Ambition and the Christian

March 20, 2017

I don’t know much about Napoleon and I never have. He is a towering figure in history who needs no reference to his last name, but I don’t know much about the guy other than the fact that he was a short, successful general and a bit of a showoff. That’s it.

So I picked up a book about him.

Among other things I learned that Napoleon’s first ambition was to become a writer. Here is a quote from a teenage Napoleon on ambition… “Ambition, like all disordered passions, is a violent and unthinking delirium…Like a fire fed by a pitiless wind, it only burns out after having consumed everything in its path.”

How’s that for irony?

His story has me thinking a lot about ambition and the Word of God, and the right balance of ambition for a Christian.

In the New Testament there is really no clear word that translates for our English word, ambition. The Greek word, “zeloo” and “orego” are used to express the ideas of “desire” or “covet after”. “Dioko” can mean “to follow after”, but it is used mostly in the negative sense of “to persecute”.

In 1 Corinthians 14:1 we read, “Pursue love (dioko) and strive (zeloo) for the spiritual gifts, and especially that you may prophesy.” In other words, we should zealously strive for love and desire spiritual gifts for the encouragement and uplifting of others (not ourselves).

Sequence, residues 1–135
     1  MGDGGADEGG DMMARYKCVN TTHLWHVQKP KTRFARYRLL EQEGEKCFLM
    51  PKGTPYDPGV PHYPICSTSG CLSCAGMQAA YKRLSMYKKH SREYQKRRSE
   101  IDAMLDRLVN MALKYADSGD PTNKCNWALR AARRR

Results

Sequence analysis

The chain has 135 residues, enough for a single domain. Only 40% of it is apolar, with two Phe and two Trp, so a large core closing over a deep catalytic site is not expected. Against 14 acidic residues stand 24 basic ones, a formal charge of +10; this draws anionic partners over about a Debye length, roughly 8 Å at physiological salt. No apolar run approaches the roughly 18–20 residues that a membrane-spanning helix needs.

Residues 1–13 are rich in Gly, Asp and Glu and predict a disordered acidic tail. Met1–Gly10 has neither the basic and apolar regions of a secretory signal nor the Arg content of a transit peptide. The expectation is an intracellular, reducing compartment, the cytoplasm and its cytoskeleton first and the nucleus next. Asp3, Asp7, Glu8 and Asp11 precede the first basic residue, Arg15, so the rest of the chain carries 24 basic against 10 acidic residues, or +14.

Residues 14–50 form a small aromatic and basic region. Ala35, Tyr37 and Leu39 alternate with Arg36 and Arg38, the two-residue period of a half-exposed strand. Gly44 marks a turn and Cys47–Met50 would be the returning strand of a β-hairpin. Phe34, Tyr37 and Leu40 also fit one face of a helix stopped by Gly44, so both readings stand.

One of the few occasions where the word “ambition” is used in any translation of the New Testament is in 1 Thessalonians 4:11— “make it your ambition to live quietly, to mind your own affairs, and to work with your hands, as we directed you”. But there is no Greek basis for the word “ambition”. It is the translator taking a measure of rhetorical license.

Our modern-day sense of ladder-climbing-ambition as a good thing (the only thing?) for achieving successful is non-existent in the New Testament. It seems as if Napoleon had it correct when he was a teenager.

Do you? Do I?

Sometimes, yes. Other times? No.

Let’s give the Apostle Paul the last word, so that we will set our ambitions on the things of God and not the things of this world…

1 Timothy 4:6 If you put these instructions before the brothers and sisters, you will be a good servant of Christ Jesus, nourished on the words of the faith and of the sound teaching that you have followed. 7 Have nothing to do with profane myths and old wives’ tales. Train yourself in godliness, 8 for, while physical training is of some value, godliness is valuable in every way, holding promise for both the present life and the life to come. 9 The saying is sure and worthy of full acceptance. 10 For to this end we toil and struggle, because we have our hope set on the living God, who is the Savior of all people, especially of those who believe.
11 These are the things you must insist on and teach. 12 Let no one despise your youth, but set the believers an example in speech and conduct, in love, in faith, in purity. 13 Until I arrive, give attention to the public reading of scripture, to exhorting, to teaching. 14 Do not neglect the gift that is in you, which was given to you through prophecy with the laying on of hands by the council of elders. 15 Put these things into practice, devote yourself to them, so that all may see your progress. 16 Pay close attention to yourself and to your teaching; continue in these things, for in doing this you will save both yourself and your hearers.

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